PRRD wants well site reclamation reports

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Tom Summer Local Journalism Initiative, Alaska Highway News
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The Peace River Regional District wants quarterly updates from the province on the dormant and orphan wells to be cleaned up under a new $100-million reclamation program starting this year.

The board voted June 11 to request the reports from the Oil and Gas Commission, and declined to take part in helping to identify which wells should be prioritized for restoration.

Under the program, announced in April, the province says local governments along with First Nations and landowners are able to nominate wells for priority cleanup. But the province was also deluged with more than 1,100 applications for 2,400 inactive wells the day the program opened at the end of May.

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The main issue for the regional district is staffing costs, capacity, and expertise to help the province sift through all those. Dawson Creek Mayor Dale Bumstead said Canadian Natural Resources alone applied for $60 million worth of work for its proposed sites.

“Everybody’s in the game right now trying to get into that pot of money,” Bumstead said. “It’s going to be a tough place for us to say, OK do we have the knowledge and the understanding of where the sites are, and how do we get into that prioritization?”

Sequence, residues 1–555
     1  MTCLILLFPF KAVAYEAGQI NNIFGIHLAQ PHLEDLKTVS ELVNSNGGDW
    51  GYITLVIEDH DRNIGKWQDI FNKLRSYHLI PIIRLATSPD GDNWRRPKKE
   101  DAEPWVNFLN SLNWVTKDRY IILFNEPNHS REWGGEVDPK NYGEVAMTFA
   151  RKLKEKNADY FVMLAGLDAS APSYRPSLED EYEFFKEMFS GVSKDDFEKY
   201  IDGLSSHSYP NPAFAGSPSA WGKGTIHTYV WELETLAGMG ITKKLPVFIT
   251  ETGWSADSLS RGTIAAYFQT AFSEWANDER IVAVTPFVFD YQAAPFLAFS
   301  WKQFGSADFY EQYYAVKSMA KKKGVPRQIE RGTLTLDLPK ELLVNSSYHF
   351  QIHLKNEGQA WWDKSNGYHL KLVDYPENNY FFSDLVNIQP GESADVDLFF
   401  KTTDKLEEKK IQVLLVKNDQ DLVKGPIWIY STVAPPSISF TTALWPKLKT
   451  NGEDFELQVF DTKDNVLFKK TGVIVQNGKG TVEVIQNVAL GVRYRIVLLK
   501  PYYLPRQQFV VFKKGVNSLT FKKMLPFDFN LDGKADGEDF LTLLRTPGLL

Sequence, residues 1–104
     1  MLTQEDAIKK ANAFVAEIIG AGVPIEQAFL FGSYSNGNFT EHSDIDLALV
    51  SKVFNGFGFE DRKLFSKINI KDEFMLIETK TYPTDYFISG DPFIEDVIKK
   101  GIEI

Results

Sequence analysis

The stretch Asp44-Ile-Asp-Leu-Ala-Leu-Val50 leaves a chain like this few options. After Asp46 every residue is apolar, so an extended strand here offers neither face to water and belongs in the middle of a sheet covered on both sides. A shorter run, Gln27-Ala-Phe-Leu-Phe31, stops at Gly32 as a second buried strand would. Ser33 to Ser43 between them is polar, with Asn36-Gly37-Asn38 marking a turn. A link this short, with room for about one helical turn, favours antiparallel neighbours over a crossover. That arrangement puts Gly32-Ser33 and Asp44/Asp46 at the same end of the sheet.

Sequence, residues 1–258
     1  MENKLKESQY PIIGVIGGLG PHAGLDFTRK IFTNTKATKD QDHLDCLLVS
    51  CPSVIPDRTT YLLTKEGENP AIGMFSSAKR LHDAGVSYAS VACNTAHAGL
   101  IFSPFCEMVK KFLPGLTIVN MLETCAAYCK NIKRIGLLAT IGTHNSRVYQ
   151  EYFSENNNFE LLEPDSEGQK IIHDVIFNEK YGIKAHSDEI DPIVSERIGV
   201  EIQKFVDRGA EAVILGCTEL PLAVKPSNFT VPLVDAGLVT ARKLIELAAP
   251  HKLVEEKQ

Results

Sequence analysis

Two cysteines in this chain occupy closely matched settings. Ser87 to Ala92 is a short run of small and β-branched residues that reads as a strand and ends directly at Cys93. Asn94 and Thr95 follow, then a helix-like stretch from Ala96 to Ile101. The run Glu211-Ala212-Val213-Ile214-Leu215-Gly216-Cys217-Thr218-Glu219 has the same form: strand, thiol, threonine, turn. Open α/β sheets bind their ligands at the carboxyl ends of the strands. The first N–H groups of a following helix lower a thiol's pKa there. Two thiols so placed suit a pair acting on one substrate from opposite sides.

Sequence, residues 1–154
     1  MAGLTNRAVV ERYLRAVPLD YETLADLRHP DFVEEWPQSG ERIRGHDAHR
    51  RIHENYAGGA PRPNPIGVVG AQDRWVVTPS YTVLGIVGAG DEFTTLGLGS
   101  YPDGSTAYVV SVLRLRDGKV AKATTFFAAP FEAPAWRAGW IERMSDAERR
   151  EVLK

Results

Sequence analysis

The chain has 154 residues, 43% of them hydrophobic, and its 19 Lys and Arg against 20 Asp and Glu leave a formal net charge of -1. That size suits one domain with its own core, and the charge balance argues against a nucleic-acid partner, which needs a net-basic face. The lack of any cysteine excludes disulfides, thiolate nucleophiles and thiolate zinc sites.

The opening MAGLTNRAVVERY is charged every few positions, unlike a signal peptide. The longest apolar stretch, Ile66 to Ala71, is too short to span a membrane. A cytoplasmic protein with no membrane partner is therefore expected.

Fort St. John Coun. Tony Zabinsky said the Oil and Gas Commission could file its quarterly reports to the board, which would give regional communities public information about the progress and success of the program.

“They’re in charge of this right now,” Zabinsky said. “We don’t have to go down that rabbit hole of what this is going to cost us, but just get the OGC to come, give us a quarterly report, and we can then go to our constituents.”

More than 80 service companies and contractors applied when the Dormant Sites Reclamation Program opened on May 25, proposing reclamation works totalling $152 million.

The program was announced in April as part of a federal economic recovery plan for the beleaguered oil and gas sector in Western Canada.

It was work that would have taken place anyway, but on a much longer timescale – over a decade. A little over a year ago, the BC Oil and Gas Commission introduced a new levy on the oil and gas industry to raise $15 million a year for dormant well reclamation. The plan was to reclaim all orphan wells in B.C. over the next 10 years.

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The federal funding will accelerate the work, and the province says the cleanup program will create 1,200 jobs.

The program will target wells that have been inactive for five consecutive years and are unlikely to be returned to service. Companies receiving federal funding pay half the costs for dormant wells. 

The program is split into two phases of $50 million each, and applications for the second half will open Nov. 1.

The program will be delivered alongside a $15-million orphaned site reclamation program, and a $5-million legacy site reclamation program.

Electoral director Karen Goodings warned that both the province and the regional district must be prepared for the problems the programs will create for local roads.

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“I hope that the powers that be realize that by doing all of these wells that they’re going to impact further the road conditions we are suffering from, and somebody needs to take a look at that,” Goodings said. 

— with files from Matt Preprost, Nelson Bennett

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